After inhaling his first sampling of Peter Pan donuts just recently, he returned the next day. And the next. He demanded to know why I'd been holding back valuable Peter Pan donut insights for so long. It's not like I was plotting against his happiness. It's just that I'm not a donut person and because Peter Pan donuts were not my first-choice or second-choice donut, their little jellied and powdered gems made a much smaller blip on my personal radar.

One fateful day last week, my boss brought a stack of boxes into work. Boxes filled with donuts. Chocolate Glazed, Powder-Dusted. Some filled with berry jam. Some filled with Bavarian Cream. Cinnamon-Apple Cake Donuts. Strusel-Topped Donuts. Coconut-Flake Donuts.

A Mountain of Donuts from Peter Pan
A Mountain of Donuts from Peter Pan... Top left, clockwise: Chocolate-Glazed Eclaire, Cream-Filled Coconut, another filled eclaire, two custard-stuffed creampuffs, a Glazed Donut and a Strusel-Topped Donut

My coworkers went into a Peter Pan donut frenzy. They yelped. They swooned. They gorged. They ran to their phones and texted significant others with messages like: "OMG!!! We're getting up early Sat 4 DONUTS!" One coworker claimed that these were the long-lost donuts of her childhood, the like of which she hadn't seen in decades. She wrote to her mother about them.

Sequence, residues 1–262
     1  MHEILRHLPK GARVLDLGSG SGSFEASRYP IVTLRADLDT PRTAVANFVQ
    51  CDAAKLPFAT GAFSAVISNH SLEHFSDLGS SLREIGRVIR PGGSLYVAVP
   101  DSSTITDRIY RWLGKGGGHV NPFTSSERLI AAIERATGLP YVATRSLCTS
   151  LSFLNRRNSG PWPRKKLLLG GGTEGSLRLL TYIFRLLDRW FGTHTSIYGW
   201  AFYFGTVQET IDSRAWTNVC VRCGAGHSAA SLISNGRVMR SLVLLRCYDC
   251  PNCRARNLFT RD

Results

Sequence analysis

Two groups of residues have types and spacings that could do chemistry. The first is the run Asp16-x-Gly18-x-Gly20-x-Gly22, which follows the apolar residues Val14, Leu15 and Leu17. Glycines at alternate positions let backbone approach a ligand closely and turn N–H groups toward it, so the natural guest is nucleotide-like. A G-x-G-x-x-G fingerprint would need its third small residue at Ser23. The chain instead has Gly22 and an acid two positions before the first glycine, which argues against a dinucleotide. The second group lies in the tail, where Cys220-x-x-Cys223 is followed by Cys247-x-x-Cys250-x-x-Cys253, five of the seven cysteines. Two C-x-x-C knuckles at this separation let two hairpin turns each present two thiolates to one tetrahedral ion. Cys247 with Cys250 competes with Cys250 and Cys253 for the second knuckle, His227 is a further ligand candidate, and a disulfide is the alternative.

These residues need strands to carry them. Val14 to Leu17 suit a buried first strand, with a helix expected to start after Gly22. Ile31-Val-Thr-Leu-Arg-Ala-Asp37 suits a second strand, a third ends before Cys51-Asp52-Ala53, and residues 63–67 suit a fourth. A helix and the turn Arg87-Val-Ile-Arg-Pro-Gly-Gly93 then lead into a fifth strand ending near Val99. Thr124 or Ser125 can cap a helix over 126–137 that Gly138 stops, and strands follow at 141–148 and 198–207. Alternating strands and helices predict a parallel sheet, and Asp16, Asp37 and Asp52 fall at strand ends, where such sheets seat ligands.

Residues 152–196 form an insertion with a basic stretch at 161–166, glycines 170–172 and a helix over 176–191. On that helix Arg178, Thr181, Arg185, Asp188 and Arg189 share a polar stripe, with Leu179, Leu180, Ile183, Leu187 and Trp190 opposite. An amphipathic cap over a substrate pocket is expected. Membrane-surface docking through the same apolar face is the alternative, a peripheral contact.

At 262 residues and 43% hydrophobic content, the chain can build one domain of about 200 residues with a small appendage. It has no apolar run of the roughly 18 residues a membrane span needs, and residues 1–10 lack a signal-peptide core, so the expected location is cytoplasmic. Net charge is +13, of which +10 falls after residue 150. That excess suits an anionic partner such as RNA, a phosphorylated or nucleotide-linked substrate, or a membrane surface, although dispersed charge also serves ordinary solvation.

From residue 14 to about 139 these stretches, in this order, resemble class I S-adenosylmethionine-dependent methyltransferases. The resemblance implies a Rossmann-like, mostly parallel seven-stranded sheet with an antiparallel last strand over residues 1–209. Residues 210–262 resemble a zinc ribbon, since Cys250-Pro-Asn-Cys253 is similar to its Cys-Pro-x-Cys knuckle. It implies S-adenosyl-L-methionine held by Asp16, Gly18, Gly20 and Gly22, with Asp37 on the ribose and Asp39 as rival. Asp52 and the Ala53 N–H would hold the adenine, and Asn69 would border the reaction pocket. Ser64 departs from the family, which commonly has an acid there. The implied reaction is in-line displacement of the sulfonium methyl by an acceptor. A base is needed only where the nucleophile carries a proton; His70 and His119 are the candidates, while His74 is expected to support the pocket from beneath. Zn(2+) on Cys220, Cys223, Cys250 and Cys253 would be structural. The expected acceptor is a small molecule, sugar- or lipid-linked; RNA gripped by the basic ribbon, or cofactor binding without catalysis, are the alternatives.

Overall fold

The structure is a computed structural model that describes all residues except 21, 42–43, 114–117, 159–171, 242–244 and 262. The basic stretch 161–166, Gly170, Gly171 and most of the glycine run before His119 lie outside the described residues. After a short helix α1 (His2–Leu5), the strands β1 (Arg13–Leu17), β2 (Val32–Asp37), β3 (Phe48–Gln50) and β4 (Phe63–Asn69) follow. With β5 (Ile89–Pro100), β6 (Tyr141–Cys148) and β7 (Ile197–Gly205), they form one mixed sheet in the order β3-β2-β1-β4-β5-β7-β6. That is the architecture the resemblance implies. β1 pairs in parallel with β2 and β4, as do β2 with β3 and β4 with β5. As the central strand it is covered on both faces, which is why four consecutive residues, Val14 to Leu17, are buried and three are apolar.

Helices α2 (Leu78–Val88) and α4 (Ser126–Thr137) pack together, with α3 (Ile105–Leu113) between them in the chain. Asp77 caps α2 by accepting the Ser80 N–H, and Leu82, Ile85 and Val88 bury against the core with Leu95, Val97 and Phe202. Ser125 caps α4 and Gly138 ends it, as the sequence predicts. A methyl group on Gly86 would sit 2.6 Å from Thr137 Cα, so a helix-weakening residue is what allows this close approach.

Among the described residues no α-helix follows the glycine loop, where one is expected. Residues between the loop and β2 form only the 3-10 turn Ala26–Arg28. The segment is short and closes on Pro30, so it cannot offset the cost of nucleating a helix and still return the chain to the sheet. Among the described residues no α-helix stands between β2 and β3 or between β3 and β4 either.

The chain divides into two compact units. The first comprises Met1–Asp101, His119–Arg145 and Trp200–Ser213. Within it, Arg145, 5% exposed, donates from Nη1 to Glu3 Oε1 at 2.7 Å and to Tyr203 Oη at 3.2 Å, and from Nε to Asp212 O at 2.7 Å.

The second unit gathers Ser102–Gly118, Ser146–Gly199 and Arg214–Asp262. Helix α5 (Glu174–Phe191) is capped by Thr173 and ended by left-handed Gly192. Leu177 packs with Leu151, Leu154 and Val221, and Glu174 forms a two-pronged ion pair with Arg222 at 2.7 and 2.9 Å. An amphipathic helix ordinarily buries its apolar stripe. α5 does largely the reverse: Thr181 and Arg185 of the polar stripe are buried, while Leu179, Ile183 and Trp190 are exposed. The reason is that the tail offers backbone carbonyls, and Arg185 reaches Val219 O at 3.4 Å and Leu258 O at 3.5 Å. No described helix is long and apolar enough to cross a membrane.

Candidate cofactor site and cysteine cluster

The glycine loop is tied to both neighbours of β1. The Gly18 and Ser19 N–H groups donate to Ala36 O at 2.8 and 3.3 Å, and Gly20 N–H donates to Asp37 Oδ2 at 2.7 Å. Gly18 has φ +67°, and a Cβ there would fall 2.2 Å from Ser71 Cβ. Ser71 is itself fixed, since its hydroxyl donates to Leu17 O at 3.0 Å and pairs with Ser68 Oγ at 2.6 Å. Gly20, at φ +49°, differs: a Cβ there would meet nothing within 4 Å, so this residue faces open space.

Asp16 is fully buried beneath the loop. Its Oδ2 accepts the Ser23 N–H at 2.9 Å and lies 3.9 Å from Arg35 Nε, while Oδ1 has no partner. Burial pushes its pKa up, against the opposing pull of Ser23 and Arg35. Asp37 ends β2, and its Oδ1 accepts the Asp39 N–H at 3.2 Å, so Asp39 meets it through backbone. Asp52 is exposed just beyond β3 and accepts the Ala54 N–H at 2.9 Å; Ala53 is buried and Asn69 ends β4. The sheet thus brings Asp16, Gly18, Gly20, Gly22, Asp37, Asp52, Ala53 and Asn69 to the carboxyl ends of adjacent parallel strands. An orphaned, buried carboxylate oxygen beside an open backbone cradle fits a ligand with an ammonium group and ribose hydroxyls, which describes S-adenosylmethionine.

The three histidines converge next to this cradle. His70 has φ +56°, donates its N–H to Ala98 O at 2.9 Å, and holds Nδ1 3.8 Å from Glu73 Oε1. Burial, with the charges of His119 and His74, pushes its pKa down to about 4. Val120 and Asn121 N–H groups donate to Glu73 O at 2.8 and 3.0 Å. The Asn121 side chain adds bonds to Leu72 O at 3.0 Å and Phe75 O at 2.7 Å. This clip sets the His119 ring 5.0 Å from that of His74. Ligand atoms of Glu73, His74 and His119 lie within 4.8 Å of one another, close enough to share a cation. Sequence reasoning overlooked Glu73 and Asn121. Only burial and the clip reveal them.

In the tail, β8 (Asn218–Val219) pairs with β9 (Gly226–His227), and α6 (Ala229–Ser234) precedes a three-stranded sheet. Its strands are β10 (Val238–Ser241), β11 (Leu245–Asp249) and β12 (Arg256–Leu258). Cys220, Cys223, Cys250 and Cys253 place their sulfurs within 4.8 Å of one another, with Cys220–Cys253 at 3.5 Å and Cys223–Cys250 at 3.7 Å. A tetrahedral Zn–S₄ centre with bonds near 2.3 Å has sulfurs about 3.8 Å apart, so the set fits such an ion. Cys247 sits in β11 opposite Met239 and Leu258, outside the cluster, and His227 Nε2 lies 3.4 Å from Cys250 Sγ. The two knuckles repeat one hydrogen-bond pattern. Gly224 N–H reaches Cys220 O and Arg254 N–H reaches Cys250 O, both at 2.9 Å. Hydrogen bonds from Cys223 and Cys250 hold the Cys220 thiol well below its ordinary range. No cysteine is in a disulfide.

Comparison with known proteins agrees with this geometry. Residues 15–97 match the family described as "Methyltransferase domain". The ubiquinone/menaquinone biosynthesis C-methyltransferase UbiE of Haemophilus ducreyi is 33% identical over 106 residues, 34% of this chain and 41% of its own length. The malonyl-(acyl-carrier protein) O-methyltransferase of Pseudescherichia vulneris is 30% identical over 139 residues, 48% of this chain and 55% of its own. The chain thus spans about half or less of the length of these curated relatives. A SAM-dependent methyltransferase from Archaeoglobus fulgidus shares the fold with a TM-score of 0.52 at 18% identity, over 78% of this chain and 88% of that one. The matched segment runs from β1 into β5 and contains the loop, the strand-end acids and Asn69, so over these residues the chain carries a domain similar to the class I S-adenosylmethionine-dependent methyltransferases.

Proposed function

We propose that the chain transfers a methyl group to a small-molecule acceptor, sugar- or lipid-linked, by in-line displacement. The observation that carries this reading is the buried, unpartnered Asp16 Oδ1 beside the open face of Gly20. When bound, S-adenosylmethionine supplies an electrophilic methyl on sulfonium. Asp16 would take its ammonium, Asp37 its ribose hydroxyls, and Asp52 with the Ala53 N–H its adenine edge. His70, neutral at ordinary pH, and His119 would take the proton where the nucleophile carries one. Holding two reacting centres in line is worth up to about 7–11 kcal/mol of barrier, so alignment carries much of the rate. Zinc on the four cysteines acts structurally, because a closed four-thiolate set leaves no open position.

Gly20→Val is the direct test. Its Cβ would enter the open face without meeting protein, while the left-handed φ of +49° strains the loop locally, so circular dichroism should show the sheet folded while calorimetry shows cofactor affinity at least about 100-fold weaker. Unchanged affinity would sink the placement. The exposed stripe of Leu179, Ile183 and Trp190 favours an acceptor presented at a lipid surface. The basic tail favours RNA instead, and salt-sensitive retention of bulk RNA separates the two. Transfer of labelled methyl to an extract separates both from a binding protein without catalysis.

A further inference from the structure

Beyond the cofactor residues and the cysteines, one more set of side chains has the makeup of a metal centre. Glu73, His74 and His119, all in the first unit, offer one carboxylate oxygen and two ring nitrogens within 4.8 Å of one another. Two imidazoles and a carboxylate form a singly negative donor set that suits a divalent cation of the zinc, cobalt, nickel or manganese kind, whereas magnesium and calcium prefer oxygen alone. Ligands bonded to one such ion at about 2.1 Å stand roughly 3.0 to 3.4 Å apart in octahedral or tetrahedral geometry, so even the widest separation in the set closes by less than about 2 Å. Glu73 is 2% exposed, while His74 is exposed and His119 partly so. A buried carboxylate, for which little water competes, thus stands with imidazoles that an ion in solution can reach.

And, yes... They're great donuts. Everyone says so. They're actually much closer to iconic American donuts, raised and glazed, fried fresh every day with good-quality fillings and (presumably) good-quality dough ingredients. (And they're dead cheap. This is Greenpoint, after all.)

The Peter Pan donut is probably very similar to the goods that the very first Dunkin' Donuts shop made waaaay back before they went corporate and started using cheaper fillers, cheaper sweeteners, cheaper fats and mass manufacture. The Peter Pan donut may not be available at every corner, but it really is the pastry of the people.

Admittedly, I felt crushed that my beloved Donut Plant donuts had so quickly rolled to the wayside in favor of a mighty Peter Pan onslaught. It was immediately clear that most people weren't really interested in pomegranate donuts, rose-petal donuts, Valrona chocolate donuts, ginger donuts, coconut-cream donuts or peanut butter and jelly donuts. They didn't want experimental donuts. They wanted donut donuts. They wanted tradition and comfort and sugary cream fillings.

So it seems the traditionalists won the war for the (clogged) hearts of my coworkers.

Down in the trenches, covered in a dusting of powdered sugar and sweating off the sugar-crash shakes, I reflect and find I've learned a few things.

I have strong donut opinions. I may have a delicate donut ego. And I guess I just happen to have a slightly off-the-mainstream donut perspective. And if I have all that, well... hell. Maybe I really am a donut person after all.

Peter Pan Doughnuts & Pastries
Peter Pan Donut & Pastry Shop on Urbanspoon
727 Manhattan Ave
Brooklyn, NY
718.389.3676

Donut Plant
Doughnut Plant on Urbanspoon
379 Grand St
New York, NY
212.505.3700